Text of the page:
Membership websites are hot for 2013
All the sudden in 2013 I found myself hip-deep in subscription and membership websites.
Perhaps it’s the tablet market evolving, the publishing market maturing, the continuing problems of advertising models or the renewed interest in the renewable revenue of continuity websites.
The nine errors below are serious. If you commit one, it’s enough to put your project on the ground before you get in the air. The list of deadly membership website mistakes and the nine types of subscription websites both deserve a review.
While we’re normally launching six to eight new Mequoda Method website networks each year, historically less than half have included a membership website. For reasons that I’ll point out, the surprising thing is that virtually every project we’re working on now includes a portal and membership or subscription website.
I’ve sat through more than a dozen planning meetings in the past six months and virtually everyone makes me review the different types of membership and subscription websites. I’ve also found that virtually every publisher has committed one of our nine cardinal mistakes.
For this reason we’re republishing our list of nine membership website mistakes.
Nine deadly membership website mistakes
Deadly membership website mistake #1: Choosing the wrong format for your membership website.
Deadly membership website mistake #2: Having too much content.
Deadly membership website mistake #3: Lacking content.
Deadly membership website mistake #4: Charging too much.
Deadly membership website mistake #5: Charging too little.
Deadly membership website mistake #6: Lack of market access.
Deadly membership website mistake #7: Ignoring legacy business model.
Deadly membership website mistake #8: Ignoring organic marketing.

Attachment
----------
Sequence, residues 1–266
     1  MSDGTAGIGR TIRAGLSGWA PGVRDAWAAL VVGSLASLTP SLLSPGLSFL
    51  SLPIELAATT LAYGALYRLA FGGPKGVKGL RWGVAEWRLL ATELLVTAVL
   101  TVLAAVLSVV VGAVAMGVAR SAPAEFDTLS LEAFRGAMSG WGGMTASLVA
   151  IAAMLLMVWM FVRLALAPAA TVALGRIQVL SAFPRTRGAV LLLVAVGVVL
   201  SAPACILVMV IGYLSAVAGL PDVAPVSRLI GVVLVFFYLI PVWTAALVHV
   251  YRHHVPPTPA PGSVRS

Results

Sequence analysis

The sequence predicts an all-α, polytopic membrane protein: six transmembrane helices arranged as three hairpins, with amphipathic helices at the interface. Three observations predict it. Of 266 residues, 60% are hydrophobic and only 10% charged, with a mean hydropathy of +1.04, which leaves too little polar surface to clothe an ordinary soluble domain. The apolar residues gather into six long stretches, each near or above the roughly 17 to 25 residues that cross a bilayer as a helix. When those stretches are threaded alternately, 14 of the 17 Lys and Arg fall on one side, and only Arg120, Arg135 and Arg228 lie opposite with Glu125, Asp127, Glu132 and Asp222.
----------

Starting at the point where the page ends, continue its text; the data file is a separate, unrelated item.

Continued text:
Deadly membership website mistake #9: Lack of cost-effective paid marketing.
Learn about all nine deadly membership website mistakes when you download a free digital copy of Membership Website Strategy.
Nine most valuable subscription website models
Subscription website model #1: Newsletter
Subscription website model #2: Club
Subscription website model #3: Magazine
Subscription website model #4: Periodical
Subscription website model #5: Application
Subscription website model #6: Reference
Subscription website model #7: Blog
Subscription website model #8: Portal
Subscription website model #9: Forum
Learn about all nine subscription website archetypes when you download a free digital copy of Building Subscription Websites.
We’re not new to this. We’ve written two free reports on the subject
By the way, you may be wondering why one report uses “membership websites” and the other uses “subscription websites.” The marketplace uses both interchangeably. And we’re very interested in ranking on both.
So we’ve created two different reports. We use the words interchangeably. They mean the same thing to us.
We as publishers need to use both to accurately meet our market needs. And there is search traffic on both.
Our free reports on membership and subscription websites have been downloaded more than 20,000 times. We suggest these are required reading before you begin the process of building.
And if you’d like the help, this is a subject with which we’re infinitely familiar and extremely interested in. We think these should be part of every online publishers business plan if economically viable.
Very interesting article.
I am currently developing a subscription/membership website and this brief introduction certainly helps clarify the various models.
Curious, what would you consider media sites such as ‘Audible.com’, ‘iTunes’ or even ‘Netflix.com’ – Club, Portal, Application or Reference?
Also, it would be great to see more in-depth information that would include closer analysis of multiple examples, further definition of each model in the context of advantages vs. disadvantages, and which are the most profitable.